Journal of Investigative Dermatology 04/2013; 133(10). DOI:10.1038/jid.2013.167 · 6.37 Impact Factor
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    • "Strikingly, in skin wounds or tumors the pericellular integrin distribution, including then also í µí»¼6í µí»½4, largely expands into suprabasal layers, which reflects a severe reduction in cell and tissue polarity [63] [64] [65]. Last not least, particular properties or microheterogeneity of BMs is supposed to contribute to the niche of tissue-specific stem or progenitor cells [66] [67] [68] [69] [70] [71] [72] "
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    ABSTRACT: The epidermis functions in skin as first defense line or barrier against environmental impacts, resting on extracellular matrix (ECM) of the dermis underneath. Both compartments are connected by the basement membrane (BM), composed of a set of distinct glycoproteins and proteoglycans. Herein we are reviewing molecular aspects of BM structure, composition, and function regarding not only (i) the dermoepidermal interface but also (ii) the resident microvasculature, primarily focusing on the per se nonscaffold forming components perlecan and nidogen-1 and nidogen-2. Depletion or functional deficiencies of any BM component are lethal at some stage of development or around birth, though BM defects vary between organs and tissues. Lethality problems were overcome by developmental stage- and skin-specific gene targeting or by cell grafting and organotypic (3D) cocultures of normal or defective cells, which allows recapitulating BM formation de novo. Thus, evidence is accumulating that BM assembly and turnover rely on mechanical properties and composition of the adjacent ECM and the dynamics of molecular assembly, including further "minor" local components, nidogens largely functioning as catalysts or molecular adaptors and perlecan as bridging stabilizer. Collectively, orchestration of BM assembly, remodeling, and the role of individual players herein are determined by the developmental, tissue-specific, or functional context.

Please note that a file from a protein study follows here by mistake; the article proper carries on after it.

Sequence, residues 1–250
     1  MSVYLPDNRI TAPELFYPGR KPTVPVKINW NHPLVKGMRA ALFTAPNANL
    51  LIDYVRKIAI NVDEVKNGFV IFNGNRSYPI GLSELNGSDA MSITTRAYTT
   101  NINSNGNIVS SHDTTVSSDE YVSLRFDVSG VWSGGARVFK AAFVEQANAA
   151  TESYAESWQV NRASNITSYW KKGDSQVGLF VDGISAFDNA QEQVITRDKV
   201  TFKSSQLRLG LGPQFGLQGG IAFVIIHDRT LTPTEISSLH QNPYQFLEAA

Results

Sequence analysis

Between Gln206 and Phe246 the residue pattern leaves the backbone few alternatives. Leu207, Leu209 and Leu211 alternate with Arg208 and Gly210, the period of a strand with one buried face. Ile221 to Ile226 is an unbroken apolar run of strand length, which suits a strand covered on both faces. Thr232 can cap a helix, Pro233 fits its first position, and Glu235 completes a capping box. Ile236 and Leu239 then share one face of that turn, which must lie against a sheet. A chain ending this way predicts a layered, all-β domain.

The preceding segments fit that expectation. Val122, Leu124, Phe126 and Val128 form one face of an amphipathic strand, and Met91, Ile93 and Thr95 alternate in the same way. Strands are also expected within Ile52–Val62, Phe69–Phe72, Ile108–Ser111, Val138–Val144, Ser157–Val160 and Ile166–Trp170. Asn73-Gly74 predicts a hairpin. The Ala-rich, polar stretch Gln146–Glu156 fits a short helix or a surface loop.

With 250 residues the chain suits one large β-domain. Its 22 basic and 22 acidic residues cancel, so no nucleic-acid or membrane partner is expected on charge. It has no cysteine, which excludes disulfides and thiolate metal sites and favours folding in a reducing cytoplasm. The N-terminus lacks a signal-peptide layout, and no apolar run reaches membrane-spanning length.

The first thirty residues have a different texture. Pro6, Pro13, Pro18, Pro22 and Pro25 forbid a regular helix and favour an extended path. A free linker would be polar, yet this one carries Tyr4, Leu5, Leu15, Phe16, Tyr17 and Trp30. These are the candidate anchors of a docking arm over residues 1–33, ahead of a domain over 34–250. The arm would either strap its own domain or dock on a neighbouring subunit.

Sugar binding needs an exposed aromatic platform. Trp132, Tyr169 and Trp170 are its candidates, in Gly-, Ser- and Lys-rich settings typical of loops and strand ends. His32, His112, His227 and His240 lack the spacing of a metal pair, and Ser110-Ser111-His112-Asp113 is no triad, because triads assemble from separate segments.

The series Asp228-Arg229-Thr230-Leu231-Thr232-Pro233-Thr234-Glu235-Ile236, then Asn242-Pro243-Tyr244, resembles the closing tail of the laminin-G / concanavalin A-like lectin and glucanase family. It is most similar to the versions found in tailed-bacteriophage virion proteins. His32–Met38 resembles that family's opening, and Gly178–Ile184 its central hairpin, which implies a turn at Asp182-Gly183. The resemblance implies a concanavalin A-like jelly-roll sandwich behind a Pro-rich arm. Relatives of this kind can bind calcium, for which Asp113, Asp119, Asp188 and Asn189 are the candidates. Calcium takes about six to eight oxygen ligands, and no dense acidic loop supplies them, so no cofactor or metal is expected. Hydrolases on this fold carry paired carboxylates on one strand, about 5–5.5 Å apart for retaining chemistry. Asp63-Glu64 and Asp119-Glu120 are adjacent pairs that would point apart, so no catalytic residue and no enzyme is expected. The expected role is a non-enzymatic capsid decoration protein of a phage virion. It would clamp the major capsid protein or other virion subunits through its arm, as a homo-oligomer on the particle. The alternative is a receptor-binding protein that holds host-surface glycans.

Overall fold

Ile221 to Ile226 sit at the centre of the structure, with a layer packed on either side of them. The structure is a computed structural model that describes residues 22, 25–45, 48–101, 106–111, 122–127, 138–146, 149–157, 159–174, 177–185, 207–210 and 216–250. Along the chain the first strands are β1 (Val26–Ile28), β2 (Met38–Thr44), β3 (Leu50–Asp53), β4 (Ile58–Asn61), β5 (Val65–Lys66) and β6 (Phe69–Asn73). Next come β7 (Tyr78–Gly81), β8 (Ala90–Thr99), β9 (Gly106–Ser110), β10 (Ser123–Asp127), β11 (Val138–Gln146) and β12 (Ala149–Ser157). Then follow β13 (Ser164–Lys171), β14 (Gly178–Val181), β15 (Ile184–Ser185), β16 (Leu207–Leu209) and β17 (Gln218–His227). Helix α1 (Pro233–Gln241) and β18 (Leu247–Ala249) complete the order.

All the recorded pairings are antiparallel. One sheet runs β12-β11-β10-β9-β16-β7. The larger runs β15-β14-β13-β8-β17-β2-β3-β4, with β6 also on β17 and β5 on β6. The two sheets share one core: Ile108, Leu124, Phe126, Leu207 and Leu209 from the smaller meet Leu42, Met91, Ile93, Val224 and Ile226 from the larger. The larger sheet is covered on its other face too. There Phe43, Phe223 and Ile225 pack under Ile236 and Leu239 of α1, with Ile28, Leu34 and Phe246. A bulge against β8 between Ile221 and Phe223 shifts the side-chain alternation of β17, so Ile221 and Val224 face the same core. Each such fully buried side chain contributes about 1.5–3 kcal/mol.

03/2013; 2013:179784. DOI:10.1155/2013/179784